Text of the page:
Is Nintendo’s only DS launch title a super remake or just a quick cash-in?
I won’t bore you with a recap of Super Mario 64’s influence on the gaming world. If you’ve never played this classic -- one of the most important games ever created -- go out and buy either the N64 original or the new DS remake immediately. That’s an order.
Everyone else should be reading this review to find out how Super Mario 64 DS serves as a flagship launch title for Nintendo’s fledgling handheld, or whether it adds anything of worth to the original game. That’s a “yes” on both accounts, although I can’t say it as emphatically as I would like to. SM64DS is a huge, meaty game that could easily serve as your only DS game for several weeks and still hold up to further playing through the years. The game also sets a standard for how the touch screen can be used instead of an analog joystick, although the standard could be higher. And yes, the new content is substantial and mostly interesting, if rather peripheral.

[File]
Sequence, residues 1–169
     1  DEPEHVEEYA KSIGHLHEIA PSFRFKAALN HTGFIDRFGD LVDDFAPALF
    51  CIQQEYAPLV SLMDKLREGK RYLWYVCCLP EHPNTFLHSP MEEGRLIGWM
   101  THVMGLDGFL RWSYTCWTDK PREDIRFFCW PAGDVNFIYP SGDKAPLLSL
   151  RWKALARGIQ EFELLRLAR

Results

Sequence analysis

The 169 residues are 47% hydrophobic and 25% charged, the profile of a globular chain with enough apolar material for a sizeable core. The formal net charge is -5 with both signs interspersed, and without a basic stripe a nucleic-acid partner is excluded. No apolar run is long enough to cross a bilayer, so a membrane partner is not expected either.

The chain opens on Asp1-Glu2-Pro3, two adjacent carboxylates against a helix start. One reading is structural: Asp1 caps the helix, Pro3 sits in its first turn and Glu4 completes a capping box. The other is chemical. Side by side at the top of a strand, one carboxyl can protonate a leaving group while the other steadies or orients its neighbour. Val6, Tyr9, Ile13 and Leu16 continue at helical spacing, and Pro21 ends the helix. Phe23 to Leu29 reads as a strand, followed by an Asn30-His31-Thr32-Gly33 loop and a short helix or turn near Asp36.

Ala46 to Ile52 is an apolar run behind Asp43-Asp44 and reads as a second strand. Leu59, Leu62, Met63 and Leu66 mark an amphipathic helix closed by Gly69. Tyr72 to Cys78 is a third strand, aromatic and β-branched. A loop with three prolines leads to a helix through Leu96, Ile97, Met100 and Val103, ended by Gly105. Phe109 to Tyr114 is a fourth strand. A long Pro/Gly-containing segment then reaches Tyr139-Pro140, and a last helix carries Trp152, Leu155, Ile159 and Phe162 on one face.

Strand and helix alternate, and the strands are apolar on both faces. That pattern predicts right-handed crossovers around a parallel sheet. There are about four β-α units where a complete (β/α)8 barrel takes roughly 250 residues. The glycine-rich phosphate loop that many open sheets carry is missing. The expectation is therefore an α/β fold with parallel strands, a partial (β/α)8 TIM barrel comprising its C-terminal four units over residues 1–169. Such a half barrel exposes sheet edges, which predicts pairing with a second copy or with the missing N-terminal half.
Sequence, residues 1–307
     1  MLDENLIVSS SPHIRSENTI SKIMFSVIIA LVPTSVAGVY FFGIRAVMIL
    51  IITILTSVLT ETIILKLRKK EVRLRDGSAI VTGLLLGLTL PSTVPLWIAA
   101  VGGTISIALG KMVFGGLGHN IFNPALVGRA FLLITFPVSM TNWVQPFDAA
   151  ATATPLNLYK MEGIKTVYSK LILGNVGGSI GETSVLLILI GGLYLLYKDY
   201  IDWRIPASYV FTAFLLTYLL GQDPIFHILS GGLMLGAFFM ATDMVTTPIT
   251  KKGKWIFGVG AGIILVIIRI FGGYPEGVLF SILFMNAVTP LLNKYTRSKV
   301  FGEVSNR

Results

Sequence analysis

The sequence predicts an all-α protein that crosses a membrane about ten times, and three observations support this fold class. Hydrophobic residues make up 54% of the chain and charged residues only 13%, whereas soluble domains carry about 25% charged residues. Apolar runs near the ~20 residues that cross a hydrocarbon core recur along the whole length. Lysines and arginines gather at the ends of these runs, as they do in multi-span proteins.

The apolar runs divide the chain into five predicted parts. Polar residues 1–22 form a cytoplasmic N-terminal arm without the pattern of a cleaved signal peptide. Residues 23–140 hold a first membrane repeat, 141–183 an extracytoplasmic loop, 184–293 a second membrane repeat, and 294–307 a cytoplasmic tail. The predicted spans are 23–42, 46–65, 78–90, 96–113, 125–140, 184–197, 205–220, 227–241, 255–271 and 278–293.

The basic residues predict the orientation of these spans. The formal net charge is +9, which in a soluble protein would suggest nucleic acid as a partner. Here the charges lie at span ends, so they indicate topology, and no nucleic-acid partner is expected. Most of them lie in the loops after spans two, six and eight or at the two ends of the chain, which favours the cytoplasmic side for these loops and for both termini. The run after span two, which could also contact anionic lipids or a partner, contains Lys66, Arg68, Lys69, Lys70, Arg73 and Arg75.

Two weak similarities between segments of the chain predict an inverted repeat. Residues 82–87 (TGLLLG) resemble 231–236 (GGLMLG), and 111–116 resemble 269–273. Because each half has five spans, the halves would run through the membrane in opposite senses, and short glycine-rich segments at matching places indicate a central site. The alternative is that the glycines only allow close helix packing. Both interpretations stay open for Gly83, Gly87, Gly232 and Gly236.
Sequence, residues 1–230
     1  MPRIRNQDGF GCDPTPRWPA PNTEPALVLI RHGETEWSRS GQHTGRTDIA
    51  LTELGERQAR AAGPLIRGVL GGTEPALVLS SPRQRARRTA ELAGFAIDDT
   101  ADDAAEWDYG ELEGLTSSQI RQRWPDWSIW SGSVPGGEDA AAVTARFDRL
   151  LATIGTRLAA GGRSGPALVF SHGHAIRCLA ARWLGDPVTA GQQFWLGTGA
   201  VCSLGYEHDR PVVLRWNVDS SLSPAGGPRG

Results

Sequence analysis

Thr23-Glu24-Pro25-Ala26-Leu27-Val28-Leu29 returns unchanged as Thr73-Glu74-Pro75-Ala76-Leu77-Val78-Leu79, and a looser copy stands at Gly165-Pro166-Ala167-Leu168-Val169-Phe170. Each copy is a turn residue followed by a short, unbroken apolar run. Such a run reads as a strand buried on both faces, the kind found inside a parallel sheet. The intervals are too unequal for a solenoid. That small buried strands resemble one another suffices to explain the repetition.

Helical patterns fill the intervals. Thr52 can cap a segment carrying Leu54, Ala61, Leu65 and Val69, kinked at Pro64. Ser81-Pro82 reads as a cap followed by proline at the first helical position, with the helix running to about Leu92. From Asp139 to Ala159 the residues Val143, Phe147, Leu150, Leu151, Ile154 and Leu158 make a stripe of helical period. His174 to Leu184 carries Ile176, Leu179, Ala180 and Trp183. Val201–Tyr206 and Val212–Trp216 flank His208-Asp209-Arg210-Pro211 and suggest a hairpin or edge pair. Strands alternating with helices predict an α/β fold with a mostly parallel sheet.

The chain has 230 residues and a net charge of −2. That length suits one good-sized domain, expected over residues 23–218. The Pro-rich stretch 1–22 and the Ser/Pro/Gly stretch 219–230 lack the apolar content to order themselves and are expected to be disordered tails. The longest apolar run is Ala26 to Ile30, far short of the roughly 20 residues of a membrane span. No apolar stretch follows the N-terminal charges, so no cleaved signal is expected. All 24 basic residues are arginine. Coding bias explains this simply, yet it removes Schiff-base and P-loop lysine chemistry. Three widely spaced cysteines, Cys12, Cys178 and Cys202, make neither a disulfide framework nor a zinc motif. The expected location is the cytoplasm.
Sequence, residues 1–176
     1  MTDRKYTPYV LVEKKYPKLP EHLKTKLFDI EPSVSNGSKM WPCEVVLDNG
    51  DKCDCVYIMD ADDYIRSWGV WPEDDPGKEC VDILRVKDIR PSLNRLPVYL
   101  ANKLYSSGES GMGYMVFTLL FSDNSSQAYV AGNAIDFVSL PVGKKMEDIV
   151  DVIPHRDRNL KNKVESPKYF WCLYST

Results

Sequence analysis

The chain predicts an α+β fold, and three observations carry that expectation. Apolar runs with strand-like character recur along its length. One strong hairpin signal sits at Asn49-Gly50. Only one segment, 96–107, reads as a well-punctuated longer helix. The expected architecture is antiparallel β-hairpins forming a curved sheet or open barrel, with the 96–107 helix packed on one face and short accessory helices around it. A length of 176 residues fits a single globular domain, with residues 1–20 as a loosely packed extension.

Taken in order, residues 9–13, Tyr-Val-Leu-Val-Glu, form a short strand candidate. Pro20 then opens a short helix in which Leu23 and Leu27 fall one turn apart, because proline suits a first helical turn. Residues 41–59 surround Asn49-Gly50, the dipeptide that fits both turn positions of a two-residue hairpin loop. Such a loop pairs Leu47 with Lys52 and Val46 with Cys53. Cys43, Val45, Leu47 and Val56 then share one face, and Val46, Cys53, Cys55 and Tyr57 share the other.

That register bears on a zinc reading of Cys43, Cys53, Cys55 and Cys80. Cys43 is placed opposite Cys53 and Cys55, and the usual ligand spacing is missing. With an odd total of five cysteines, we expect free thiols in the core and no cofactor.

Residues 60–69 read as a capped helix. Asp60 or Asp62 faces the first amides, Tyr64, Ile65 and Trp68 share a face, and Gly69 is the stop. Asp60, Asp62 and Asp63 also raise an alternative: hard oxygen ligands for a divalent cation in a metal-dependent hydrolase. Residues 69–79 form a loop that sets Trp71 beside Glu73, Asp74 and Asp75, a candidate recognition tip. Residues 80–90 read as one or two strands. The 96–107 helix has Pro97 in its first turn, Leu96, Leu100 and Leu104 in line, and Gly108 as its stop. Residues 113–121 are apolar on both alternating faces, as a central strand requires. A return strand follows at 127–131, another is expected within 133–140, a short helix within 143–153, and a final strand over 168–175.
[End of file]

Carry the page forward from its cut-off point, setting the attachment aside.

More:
By far, the biggest difference between the original and SM64DS lies in how the games are controlled. The original game pioneered 3D character control with the N64’s analog joystick. It was a precision instrument, and the game took advantage of the player’s deeper level of control with demanding jumps and the famous battles with Bowser, which required you to rotate the joystick to swing the King Koopa by his tail. On the Nintendo DS, there are three control schemes to choose from. One uses the D-pad for movement and shoulder and face buttons for actions, with the touch screen only handling camera control and fine-tuned character movements. The other two use the touch screen for primary character movement and have two different button assignment schemes. The most versatile option is Dual Touch Mode, which sets up identical function layouts for each side of the system and can thus be used by either right- or left-handed people and with either the stylus or thumb pad. All of these schemes have problems and are adapted to some gameplay situations better than others. Controlling Mario with the D-pad is clunky and feels positively wrong for this veteran of the N64 controller. The touch screen modes are more natural and turn out to be surprisingly functional with an hour or two of practice. By dragging the stylus or thumb pad from the center of the screen out to the edges, you simulate the act of pulling a joystick away from its neutral point. Simply tapping the screen has no effect, which protects you from accidental touches. Unfortunately, the sensitivity of the touch controls is too low and can’t be customized. This means that you have to drag the stylus out to the very edge of the screen, right up against the plastic frame, and hold it there for long periods of time to make the characters run at full speed. If you started the drag too far off-center on the screen, the character will not be able to reach his full sprint. The distinction is hard to nail without looking at the touch screen as you start to run or when you change directions, which makes the races with Koopa the Quick and other sections of the game harder than they should be. It’s also difficult to run in a smooth circle, since the touch screen is rectangular, and this flaw can cause problems with the many spinning enemies and when grabbing Bowser’s tail. Still, the touch modes are quite functional and feel better the more you play. When I finally confronted Bowser’s final form, I was cursing his powerful attacks and the bomb placements, not the controls.